----- ---------------------------- ----------- ----------- ----------
Latch cache buffers chains               2,960       2,964         -4
      row cache objects                    157         151          6
      shared pool                           18          17          1
                                                                    
Stats buffer is pinned count                 0           0          0
      consistent gets                    1,326       1,326          0
      db block changes                       0           0          0
      db block gets                          0           0          0
      execute count                          5           5          0
      index fast full scans (full)           0           0          0
      parse count (hard)                     0           0          0
      parse count (total)                    6           6          0
      physical reads                         0           0          0
      physical writes                        0           0          0
      redo size                              0           0          0
      session logical reads              1,326       1,326          0
      session pga memory                     0           0          0
      session pga memory max                 0           0          0
      session uga memory                     0           0          0
      session uga memory max                 0           0          0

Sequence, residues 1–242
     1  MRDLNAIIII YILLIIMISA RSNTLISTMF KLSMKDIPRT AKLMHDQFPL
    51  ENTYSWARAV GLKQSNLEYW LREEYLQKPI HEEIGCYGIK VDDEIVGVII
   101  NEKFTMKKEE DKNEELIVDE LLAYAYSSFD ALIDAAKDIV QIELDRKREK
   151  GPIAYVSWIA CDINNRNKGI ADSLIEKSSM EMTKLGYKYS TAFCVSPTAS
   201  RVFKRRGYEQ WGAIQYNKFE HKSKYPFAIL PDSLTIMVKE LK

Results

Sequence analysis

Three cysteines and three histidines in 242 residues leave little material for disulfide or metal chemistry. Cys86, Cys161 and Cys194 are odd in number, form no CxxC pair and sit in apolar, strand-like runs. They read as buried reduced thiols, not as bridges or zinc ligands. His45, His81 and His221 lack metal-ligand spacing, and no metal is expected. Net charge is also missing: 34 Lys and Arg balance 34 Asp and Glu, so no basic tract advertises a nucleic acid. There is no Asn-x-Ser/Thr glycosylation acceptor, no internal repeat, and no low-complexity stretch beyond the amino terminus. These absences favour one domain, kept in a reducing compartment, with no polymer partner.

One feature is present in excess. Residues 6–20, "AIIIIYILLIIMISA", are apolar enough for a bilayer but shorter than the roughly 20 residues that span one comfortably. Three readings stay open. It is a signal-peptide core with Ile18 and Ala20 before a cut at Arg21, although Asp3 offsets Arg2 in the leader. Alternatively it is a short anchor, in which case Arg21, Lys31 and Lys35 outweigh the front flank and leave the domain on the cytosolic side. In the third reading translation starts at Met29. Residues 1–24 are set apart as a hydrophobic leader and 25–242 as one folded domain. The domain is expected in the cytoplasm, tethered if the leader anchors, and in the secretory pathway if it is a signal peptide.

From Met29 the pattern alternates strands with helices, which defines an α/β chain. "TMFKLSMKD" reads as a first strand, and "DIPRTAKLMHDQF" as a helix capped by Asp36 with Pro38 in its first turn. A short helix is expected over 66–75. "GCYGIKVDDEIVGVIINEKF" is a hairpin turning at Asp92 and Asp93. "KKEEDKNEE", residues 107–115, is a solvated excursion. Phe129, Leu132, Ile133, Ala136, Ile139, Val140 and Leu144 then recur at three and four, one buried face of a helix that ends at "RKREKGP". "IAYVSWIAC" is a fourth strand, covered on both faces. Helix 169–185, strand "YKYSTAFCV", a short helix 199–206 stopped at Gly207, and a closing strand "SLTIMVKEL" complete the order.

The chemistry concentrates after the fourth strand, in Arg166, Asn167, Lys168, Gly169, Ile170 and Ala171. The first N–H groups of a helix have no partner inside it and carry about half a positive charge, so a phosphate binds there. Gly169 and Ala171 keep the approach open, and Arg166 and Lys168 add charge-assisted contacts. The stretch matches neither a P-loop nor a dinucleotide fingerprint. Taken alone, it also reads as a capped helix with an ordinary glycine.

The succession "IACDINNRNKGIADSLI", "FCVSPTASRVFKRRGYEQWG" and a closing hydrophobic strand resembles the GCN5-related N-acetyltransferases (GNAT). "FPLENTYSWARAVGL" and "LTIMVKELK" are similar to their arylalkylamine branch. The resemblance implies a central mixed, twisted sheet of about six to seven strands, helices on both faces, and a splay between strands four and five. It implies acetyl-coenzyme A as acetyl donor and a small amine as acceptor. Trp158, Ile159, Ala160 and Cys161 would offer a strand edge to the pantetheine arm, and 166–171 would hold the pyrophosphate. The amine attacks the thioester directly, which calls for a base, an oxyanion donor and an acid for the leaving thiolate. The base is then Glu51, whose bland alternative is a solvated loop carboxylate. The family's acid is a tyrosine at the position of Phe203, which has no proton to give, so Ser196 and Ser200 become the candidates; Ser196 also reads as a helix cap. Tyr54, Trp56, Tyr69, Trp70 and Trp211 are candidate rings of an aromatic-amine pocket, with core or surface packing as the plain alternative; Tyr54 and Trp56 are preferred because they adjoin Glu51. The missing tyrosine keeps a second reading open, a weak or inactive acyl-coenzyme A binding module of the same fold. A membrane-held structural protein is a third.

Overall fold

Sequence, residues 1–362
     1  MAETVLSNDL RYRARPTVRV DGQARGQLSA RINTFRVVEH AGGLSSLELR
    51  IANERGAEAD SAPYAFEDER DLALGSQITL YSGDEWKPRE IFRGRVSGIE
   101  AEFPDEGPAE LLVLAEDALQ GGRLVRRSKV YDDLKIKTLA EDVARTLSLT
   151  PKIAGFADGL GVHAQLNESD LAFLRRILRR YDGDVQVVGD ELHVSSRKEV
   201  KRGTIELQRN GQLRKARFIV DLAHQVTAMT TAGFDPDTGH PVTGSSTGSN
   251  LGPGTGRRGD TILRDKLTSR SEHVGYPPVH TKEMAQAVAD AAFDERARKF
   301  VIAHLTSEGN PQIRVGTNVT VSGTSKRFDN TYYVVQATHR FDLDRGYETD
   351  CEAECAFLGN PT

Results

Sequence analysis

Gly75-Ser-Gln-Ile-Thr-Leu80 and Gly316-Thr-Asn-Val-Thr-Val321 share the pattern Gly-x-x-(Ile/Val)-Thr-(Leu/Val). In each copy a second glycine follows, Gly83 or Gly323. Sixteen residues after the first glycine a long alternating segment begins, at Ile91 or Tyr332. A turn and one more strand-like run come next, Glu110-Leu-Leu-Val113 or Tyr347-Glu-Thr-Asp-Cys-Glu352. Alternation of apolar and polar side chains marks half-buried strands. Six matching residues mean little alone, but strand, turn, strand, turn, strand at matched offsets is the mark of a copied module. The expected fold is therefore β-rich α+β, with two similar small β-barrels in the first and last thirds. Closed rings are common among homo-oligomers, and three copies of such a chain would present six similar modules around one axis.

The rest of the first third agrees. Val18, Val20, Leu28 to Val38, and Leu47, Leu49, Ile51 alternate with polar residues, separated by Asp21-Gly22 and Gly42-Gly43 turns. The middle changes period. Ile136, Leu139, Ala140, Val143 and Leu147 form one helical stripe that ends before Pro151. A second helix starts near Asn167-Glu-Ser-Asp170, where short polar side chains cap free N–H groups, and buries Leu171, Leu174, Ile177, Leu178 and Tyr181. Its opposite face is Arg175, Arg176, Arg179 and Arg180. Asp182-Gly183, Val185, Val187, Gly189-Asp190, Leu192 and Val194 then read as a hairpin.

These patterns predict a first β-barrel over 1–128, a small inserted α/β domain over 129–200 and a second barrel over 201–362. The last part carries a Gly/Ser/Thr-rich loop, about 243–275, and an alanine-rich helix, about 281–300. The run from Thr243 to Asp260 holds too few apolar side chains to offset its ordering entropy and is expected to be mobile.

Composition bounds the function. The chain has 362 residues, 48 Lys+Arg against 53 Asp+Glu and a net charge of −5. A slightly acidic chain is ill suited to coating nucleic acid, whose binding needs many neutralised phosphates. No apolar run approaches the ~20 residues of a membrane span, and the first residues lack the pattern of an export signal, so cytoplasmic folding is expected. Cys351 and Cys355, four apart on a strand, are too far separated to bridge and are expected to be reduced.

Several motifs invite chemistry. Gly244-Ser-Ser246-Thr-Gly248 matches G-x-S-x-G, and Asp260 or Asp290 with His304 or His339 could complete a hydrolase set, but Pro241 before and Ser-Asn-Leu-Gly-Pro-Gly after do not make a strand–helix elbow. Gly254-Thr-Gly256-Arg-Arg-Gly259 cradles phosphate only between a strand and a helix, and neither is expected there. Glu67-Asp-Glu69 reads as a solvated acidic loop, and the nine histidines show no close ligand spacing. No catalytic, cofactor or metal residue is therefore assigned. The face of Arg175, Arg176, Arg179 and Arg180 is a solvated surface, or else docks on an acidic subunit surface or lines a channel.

sorts (disk)                           0           0          0
      sorts (memory)                         0           0          0
      sorts (rows)                           0           0          0
      table fetch by rowid                   0           0          0
      table scan blocks gotten           1,316       1,316          0
      table scans (long tables)              0           0          0
      table scans (short tables)             1           1          0
                                                                     
Time  elapsed time (centiseconds)           63          29         34

withfun:externalfun
STAT #565587040 id=1 cnt=1 pid=0 pos=1 obj=0 op='SORT AGGREGATE (cr=1326 pr=0 pw=0 time=621435 us)'
STAT #565587040 id=2 cnt=103120 pid=1 pos=1 obj=102779 op='TABLE ACCESS FULL ORD9 (cr=1326 pr=0 pw=0 time=608109 us cost=282 size=824960 card=103120)'


withfun:internalfun
STAT #407419720 id=1 cnt=1 pid=0 pos=1 obj=0 op='SORT AGGREGATE (cr=1326 pr=0 pw=0 time=284779 us)'
STAT #407419720 id=2 cnt=103120 pid=1 pos=1 obj=102779 op='TABLE ACCESS FULL ORD9 (cr=1326 pr=0 pw=0 time=272208 us cost=282 size=824960 card=103120)'

 These tests were run on a Windows 12.1.0.1 database, which interestingly had optimizer_features_enable set to 11.2.0.2.  

Friday, September 12, 2014

NO_PUSH_PRED – the non-hint